Horse Racing at River Park
by Harry Rudd, edited by A. S. Lussier
Manitoba Pageant, Winter 1979, Volume 24, Number 2
The revival of thoroughbred racing in Winnipeg emanates from the sporting proclivities of a few livestock men conducting business at the Union Stock Yards in St. Boniface, in 1920.
Each owned a saddle horse used around the yards for sorting and driving cattle ... Arguments arose as to who owned the fastest horse this resulted in matched races being arranged, which were decided on a dirt road running through the old Norwood Golf Course.
Interest in these contests became keener ... Gradually the men acquired half-bred horses, three-quarter-breds and, eventually the odd thorough-bred ... Rivalry increased, each owner feeling confident he had the horse with the most speed, until races were run with six, eight, and sometimes ten horses struggling for supremacy.
“Struggling” is the word, for the horses were walked or ridden from the Stock Yards to River Park, at the foot of Osborne Street, for a distance of about 3½ miles, “warmed up” by being ridden half a dozen times up and down the infield, some being equipped with stock saddles weighing around 40 pounds, and carrying a rider anywhere from 120 to 150 lbs.
So important had these contests become that old River Park’s half-mile race track became the venue of the Saturday afternoon misnomer Stock Yard Derby, although it was only a dash of half a mile, the one stipulation being “Owners up” or “Catch weights” ... This sporting event not only attracted men of the stock yards but many others to whom a horse race provided a welcome diversion from the regular sports being carried on in various parts of the city.
About this time, some of the owners of Standard Breds, or Harness horses, used to congregate at River Park and race among themselves: they invited the boys from the stock yards to stage their race at the same time - the invitation was accepted and a great deal of interest was aroused, the running race being the most attractive and entertaining to the several hundred spectators ... As a result of the two types of horses racing on the same afternoon pro-grams, they were called “matinee” meetings.
The interest in the Stock Yards classic was not only local as it extended across the international boundary ... The live stock men of South St. Paul, Minnesota believed they had faster horses and, to defend their many boasts they shipped a horse to Winnipeg ... Advance information intimated that the St. Paul men were not going to make any mistake, as it was a thorough-bred that was to be shipped to compete against the local saddle horses ... “Toastmaster” was the alleged thoroughbred, owned by a Charlie Freeman and the horse with which they intended to make a “killing” ... This naturally spurred the local boys to action: a few horses were brought in from Calgary and Jerry Dohan, a local cattle dealer leased a thoroughbred called “Chandelier”.... This was all in the days before pari-mutuel betting was in vogue in Winnipeg, and the privilege of backing one’s fancy was vested in a well-known character of the turf, Joe Carson, who ran a hand-book.
The day set for the “big race” came around, but the efforts of the Minnesota stock men were in vain - Toastmaster broke down in the race, Chandelier being the victor ... So disappointed and disgusted was Charlie Freeman that he sold the horse to an ex jockey, Freddy English, who came to an untimely death that year in an automobile accident ... Incidentally, the local livestock men increased their bank rolls very materially through one of the many vicissitudes of the race track - a “sure thing” that failed.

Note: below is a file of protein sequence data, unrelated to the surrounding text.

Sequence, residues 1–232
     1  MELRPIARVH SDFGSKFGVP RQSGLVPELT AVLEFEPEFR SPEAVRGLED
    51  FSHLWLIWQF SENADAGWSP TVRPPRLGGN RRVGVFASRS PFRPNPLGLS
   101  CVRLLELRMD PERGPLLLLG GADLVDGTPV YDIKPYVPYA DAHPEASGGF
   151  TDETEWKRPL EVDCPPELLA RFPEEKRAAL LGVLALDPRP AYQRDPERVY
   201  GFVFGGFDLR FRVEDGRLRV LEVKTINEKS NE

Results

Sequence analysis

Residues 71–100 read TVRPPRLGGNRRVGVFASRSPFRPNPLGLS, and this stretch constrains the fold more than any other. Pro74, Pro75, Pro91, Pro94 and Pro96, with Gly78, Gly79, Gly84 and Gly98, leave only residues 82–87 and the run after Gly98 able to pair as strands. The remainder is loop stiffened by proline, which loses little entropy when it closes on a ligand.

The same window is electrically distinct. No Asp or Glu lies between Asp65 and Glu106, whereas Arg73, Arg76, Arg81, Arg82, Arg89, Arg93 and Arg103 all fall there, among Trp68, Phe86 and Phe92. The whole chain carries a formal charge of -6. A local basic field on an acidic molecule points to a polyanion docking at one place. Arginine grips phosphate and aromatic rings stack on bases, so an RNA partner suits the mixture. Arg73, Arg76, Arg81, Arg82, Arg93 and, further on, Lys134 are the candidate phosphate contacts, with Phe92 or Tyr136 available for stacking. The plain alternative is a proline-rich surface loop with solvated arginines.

Public interest in the sport offered by a handful of men was now growing, and the year 1921 saw the first race meeting held under the pari-mutuel system conducted by the Winnipeg Driving Club ... A three-day meeting was held during the latter part of June - harness races and running races ... a second three-day meet was held from 21 July at which there were nearly one hundred horses ... They had come from Calgary and Edmonton at the conclusion of the Western Fairs.
The officers of the Winnipeg Driving Club at this time were all well-known in the horse world: W. D. Mace was the Honorary President; Alex Stewart, President; Jerry C. Dohan, Vice-President; T. Sumner Sr., Director; J. B. Lewis, Treasurer and W. A. Eastwood, Secretary.
The officials of the race meeting were: Judges: Dan Hamilton (father of the late Roxy Hamilton MLA); R. G. Willis (father of late Errick Willis MLA); Wm. Hatch; Timers, W. W. Fraser, J. H. Harris and Dr. Cox. Starter: W. I. Elder; Clerk of the Course, W. A. Eastwood ... The services of Phil Reilly of Louisville, Kentucky were obtained as Racing Secretary, but he also supervised the pari-mutuel department, and was advisor generally on the conducting of the meeting.
Mutuel tickets were necessary and to purchase complete sets would entail considerable expense ... In order to preserve their available funds, old tickets were resurrected from the Winnipeg Exhibition which had closed its doors around 1913 ... Packing cases full of tickets of every description were sorted until sufficient numbers were obtained ... This work was done in the smoking room of the Empire Hotel, then owned and operated by J. J. Walsh who, at one time, owned one of the largest racing stables on the Pacific Coast.
The buildings at River Park were in deplorable condition - the conveniences for the public were appalling, but arrangements were made with D. J. McDonald, a lumberman, and a Director of the Driving Club, to get the stables patched up so they could be utilized at least they would keep the sun off the horses, but not the rain.
The staff available to man the mutuel department was without experience, a practical system had not been installed - checking facilities were very meagre and the consequence was, that at the end of the first day’s operation, the bank roll had gone - the result of a harness race had been sent in to the calculators - prices were arrived at and posted many tickets had been cashed when later word came that the first horse had been disqualified.